Constantinople/Istanbul: Destination, Way-Station, City of Renegades (seminar)

For more past programming from the Folger Institute, please see the article Folger Institute scholarly programs archive.

This was a fall 2007 faculty weekend seminar.

In 1453, the Ottoman Turks conquered Constantinople and refashioned the depopulated city into an imperial capitol that would endure until the empire was dismembered after World War I. The passing of the city of Constantine into Muslim hands was constructed as a disaster for Christendom on one hand and as a divine endorsement of Ottoman sovereignty on the other. That division has retained much of its primacy in the historiography of the Afro-Eurasian world. Yet the designations “Christendom” and “Islam” are inadequate; they fail to convey the multilayered nature of early modern visions of Constantinople and the Eurasian space in which it was embedded. The Ottoman empire, after all, was European and Christian as well as Asian and Muslim. Constantinople was one pole in the circuits of travel and trade which linked Venice (by sea) and Vienna (by land) to points east and to the sites of “classical” history and pilgrimage. The sultan’s abode was also a city of renegades (entrepreneurs, warriors, captives, artisans), a place where hierarchies of identity (status, ethnicity, religion, and gender) were sorted and realigned. The citizens of (and visitors to) Constantinople participated in a Mediterranean culture of artistry, poetics, sexuality, and consumption that stretched from the Atlantic world to the spiritual, commercial, and intellectual emporia of India, Persia, Arabia, and Palestine. One of a series of offerings on “Early Modern Cities,” this seminar explored aspects of those connections, visions, identities, and rhetorics of representation. It gathered a dozen faculty participants for interdisciplinary conversations that were framed by a set of shared advance readings and the participants’ own research projects.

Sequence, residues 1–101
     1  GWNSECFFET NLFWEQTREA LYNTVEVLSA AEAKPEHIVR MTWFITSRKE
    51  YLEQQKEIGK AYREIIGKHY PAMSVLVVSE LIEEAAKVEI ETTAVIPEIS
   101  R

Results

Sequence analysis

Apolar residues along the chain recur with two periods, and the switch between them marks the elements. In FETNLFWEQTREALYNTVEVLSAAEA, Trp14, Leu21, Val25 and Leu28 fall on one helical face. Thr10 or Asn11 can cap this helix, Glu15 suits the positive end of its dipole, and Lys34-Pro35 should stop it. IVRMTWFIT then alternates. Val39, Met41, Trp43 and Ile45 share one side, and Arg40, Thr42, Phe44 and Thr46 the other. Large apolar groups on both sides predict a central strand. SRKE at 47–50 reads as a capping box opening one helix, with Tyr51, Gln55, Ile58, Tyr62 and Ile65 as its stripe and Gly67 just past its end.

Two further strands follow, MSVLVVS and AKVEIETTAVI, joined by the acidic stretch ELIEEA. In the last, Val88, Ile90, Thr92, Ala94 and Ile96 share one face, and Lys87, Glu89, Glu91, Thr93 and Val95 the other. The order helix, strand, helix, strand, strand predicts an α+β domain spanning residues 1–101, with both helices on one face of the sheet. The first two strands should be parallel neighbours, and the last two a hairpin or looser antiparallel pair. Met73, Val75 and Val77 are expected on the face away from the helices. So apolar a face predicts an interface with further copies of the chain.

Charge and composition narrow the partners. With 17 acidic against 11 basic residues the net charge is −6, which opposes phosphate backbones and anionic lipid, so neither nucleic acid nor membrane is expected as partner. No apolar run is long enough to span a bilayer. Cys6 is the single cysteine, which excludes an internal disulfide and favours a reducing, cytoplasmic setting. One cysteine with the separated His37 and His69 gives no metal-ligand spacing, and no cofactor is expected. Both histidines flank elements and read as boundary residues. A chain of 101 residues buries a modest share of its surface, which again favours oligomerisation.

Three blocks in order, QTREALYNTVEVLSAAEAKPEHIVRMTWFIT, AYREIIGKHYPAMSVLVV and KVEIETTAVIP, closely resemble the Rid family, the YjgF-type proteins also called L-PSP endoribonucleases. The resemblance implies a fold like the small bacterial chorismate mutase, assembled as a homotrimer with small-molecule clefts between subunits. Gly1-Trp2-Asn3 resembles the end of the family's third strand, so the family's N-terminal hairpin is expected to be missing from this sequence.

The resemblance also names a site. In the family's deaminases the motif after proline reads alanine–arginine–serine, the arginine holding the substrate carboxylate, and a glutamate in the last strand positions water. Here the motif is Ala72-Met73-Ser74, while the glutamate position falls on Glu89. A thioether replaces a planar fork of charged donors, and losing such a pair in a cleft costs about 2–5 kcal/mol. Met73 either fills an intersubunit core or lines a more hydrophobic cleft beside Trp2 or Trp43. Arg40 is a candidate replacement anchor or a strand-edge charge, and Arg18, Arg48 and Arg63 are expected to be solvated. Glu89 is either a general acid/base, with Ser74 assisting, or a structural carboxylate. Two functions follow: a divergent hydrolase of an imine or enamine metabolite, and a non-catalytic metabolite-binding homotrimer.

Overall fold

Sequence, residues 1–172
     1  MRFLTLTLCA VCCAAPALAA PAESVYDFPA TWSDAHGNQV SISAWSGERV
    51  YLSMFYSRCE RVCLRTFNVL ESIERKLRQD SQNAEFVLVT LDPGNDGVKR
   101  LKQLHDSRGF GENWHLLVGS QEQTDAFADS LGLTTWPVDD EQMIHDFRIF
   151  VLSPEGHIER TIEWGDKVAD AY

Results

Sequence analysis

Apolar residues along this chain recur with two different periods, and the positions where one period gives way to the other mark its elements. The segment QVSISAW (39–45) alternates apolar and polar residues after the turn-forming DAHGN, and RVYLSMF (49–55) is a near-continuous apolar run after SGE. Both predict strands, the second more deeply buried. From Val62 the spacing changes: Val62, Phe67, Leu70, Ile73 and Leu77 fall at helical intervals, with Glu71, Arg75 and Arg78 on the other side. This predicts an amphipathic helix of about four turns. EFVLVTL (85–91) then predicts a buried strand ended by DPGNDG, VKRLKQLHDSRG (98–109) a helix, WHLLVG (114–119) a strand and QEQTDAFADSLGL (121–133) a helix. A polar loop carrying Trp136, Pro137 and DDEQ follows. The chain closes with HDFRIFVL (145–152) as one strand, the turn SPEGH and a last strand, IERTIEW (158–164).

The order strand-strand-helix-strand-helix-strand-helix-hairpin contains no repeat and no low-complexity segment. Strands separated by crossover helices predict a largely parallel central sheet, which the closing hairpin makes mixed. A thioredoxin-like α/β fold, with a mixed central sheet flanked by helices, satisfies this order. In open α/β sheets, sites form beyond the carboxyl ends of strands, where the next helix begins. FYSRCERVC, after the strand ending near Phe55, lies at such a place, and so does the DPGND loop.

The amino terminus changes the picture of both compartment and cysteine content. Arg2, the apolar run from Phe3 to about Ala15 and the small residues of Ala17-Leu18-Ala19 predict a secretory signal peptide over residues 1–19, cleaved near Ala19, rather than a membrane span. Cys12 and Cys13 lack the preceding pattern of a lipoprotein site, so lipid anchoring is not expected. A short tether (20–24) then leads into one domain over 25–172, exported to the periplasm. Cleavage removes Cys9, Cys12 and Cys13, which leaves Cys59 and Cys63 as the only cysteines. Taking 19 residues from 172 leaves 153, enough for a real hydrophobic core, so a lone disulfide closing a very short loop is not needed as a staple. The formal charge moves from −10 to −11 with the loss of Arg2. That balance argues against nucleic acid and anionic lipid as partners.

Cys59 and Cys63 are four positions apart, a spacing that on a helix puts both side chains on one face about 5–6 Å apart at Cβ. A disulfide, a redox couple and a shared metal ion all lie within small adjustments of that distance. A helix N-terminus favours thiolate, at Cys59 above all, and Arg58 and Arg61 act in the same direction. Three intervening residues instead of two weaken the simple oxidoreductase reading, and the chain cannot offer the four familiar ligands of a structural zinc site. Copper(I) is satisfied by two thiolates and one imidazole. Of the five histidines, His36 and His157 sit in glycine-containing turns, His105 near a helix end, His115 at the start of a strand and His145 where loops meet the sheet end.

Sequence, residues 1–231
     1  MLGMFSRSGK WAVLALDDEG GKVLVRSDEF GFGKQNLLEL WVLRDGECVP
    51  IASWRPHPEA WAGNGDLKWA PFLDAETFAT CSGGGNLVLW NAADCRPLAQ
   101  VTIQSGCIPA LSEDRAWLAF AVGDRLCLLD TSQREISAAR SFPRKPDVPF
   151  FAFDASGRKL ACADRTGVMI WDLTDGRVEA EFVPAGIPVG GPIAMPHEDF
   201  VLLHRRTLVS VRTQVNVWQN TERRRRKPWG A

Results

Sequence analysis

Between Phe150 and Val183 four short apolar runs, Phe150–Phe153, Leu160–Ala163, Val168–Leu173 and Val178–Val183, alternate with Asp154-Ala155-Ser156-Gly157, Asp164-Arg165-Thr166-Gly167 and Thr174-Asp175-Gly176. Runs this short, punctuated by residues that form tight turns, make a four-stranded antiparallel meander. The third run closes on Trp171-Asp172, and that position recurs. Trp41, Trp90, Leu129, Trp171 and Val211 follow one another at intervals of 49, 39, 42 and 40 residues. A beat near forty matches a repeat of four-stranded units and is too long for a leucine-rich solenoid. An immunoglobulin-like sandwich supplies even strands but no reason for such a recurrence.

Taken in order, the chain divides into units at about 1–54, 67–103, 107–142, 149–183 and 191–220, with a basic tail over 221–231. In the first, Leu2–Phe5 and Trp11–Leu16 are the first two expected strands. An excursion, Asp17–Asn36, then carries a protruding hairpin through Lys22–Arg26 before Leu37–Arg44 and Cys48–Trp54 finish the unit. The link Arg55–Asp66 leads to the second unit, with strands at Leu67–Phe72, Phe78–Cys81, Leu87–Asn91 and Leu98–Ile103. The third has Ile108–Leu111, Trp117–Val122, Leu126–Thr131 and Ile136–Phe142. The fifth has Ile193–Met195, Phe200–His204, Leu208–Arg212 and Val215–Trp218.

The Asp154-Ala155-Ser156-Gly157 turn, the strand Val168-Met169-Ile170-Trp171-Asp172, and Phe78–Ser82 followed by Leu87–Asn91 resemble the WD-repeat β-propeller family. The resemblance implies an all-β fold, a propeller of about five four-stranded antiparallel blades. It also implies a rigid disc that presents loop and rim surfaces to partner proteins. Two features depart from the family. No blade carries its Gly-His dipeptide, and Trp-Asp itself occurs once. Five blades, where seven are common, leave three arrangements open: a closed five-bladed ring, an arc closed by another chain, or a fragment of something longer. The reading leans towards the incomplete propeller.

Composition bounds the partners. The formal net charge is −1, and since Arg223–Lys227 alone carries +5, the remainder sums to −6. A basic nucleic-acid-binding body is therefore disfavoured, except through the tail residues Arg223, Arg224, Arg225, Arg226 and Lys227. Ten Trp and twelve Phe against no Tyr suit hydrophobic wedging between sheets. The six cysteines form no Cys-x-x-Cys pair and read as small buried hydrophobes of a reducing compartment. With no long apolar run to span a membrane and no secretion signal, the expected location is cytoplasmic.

Director: Palmira Brummett is Professor of History and Distinguished Professor of Humanities at the University of Tennessee. Her work involves the intersections of rhetoric and “reality” in the early modern Afro-Eurasian world. She is currently editing The Book of Travels: Genre, Itinerary, Ethnology and Pilgrimage, 1250–1700 and completing a monograph on Mapping Ottoman Space.